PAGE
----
16 Main Advantages and Disadvantages of Selective Breeding

If you are running a farm, wherein crops and livestock are your primary source of income, then it is highly important for you to find the best way to boost your efficiency. Take note that natural or organic farming does not always ensure best results, but there is one very good agricultural method for higher production—selective breeding.

Selective breeding is used to hereditarily encourage beneficial characteristics on both animals and plants. Basically, it is performed through controlled breeding. But like any other agricultural method (though they are supposedly designed to offer advantages for society), it also has its own set of disadvantages. If you are thinking of applying selective breeding into your crops and livestock, weigh them down to come up with a decision whether it is a great option for you.

List of Advantages of Selective Breeding

1. It requires no company patent.
Any person who works in agriculture can start selective breeding whenever he wants. It is a way for him to naturally earn more income each year as he can breed specific characteristics into animals and plants to make them produce more over generations in the future, which is good for business. And since it is free, he just needs to be well-equipped and knowledgeable of the process to get the best outcome.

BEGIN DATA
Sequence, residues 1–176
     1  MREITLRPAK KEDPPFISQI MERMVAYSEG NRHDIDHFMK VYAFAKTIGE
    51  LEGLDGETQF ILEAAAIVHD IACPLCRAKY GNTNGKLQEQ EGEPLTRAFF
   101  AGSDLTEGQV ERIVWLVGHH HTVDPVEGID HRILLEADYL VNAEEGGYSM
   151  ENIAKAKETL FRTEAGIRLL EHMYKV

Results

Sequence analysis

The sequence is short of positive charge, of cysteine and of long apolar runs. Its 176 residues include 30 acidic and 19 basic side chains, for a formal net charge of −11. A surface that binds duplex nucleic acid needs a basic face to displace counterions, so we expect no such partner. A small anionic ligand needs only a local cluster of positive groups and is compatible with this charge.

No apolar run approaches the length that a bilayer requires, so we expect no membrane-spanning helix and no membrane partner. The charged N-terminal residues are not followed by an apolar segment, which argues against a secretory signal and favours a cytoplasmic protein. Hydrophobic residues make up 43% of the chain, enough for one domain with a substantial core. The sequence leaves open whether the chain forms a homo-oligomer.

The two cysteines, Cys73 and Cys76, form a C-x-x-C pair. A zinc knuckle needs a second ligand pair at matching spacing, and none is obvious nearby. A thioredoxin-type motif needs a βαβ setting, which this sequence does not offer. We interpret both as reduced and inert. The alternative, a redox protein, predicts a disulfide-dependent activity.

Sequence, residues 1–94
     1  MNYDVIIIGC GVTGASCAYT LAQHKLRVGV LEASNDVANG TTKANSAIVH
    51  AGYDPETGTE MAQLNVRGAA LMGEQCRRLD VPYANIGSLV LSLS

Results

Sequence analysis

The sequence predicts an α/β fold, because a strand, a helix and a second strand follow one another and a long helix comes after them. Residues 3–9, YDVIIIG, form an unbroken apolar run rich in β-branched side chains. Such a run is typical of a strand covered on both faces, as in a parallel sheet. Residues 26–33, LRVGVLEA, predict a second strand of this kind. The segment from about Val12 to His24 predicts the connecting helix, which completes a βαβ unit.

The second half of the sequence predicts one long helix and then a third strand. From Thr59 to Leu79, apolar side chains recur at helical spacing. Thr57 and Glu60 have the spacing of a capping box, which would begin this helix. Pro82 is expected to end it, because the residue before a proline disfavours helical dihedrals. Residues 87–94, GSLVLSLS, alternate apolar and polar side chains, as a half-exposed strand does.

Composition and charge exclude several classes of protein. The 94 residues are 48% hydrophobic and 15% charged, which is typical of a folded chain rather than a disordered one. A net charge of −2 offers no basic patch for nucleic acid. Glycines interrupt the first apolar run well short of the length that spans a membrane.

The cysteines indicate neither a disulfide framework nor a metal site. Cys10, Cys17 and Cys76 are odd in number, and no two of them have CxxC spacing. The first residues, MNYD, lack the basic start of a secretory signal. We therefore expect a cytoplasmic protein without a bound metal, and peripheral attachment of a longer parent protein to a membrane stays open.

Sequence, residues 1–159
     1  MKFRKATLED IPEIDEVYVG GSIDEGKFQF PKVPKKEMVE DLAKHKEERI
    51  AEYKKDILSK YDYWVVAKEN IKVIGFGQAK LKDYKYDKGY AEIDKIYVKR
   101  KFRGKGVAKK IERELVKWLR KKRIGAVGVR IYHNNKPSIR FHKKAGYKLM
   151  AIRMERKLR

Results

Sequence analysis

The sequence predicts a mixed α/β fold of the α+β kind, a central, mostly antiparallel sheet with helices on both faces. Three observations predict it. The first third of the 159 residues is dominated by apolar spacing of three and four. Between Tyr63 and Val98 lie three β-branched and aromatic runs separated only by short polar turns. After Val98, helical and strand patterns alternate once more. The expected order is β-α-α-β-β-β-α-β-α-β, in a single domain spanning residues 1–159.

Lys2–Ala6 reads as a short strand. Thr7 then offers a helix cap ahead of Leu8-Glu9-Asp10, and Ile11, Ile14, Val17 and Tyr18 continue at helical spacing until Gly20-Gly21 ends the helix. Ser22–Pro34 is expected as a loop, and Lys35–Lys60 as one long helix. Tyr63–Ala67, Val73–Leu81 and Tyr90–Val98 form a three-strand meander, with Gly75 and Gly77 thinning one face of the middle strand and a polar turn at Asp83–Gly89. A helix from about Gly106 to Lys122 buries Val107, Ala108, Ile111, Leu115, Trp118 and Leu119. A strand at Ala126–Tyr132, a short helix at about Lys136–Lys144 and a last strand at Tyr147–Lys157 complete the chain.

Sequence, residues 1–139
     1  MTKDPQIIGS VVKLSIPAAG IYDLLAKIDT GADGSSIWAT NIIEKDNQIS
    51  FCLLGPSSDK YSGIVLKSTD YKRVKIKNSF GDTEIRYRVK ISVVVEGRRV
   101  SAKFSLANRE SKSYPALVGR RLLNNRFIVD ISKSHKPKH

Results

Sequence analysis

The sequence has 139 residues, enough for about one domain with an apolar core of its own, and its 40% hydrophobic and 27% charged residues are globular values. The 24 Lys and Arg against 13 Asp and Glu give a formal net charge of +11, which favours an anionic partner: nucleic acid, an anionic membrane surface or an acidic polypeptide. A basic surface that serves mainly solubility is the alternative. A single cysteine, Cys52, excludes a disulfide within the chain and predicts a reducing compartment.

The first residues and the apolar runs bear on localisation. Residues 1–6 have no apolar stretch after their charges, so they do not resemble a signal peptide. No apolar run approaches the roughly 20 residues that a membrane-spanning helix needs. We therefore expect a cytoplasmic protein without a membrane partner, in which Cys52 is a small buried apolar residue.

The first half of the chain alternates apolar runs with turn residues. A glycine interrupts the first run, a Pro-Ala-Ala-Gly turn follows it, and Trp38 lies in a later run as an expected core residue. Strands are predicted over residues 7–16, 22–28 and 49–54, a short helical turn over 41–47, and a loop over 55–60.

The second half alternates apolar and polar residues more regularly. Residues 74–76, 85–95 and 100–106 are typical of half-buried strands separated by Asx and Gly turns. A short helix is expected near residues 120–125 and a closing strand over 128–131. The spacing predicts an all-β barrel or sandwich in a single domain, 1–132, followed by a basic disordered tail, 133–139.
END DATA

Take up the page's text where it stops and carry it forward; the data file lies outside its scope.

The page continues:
2. It allows for higher profit.
Selective breeding allows the encouragement of plant and animal characteristics that are more beneficial to farmers. For example, if they have selectively bred cows, these livestock can produce more milk than those typically bred, and the gene can be passed on to their offspring. When the method is used on crops, they will also grow more than the typical crops. Promoting these advantages is surely going to increase the market value of their products. For farmers who are in for a big business, selective breeding is definitely a perfect option for them.

3. It can create new varieties of good crops.
With this farming method, people will be able to produce higher amounts of crops. They can also produce plants with higher resistance to pests and diseases, not to mention the shorter period of time for harvest.

4. It does not have any issue of safety.
Unlike the process of creating genetically modified (GMO) crops, selective breeding allows for the natural evolutionary process to take place. It just happens at an accelerated rate as we manipulate it. However, the DNA sequences are not being tampered to create changes, such as genetic modifications.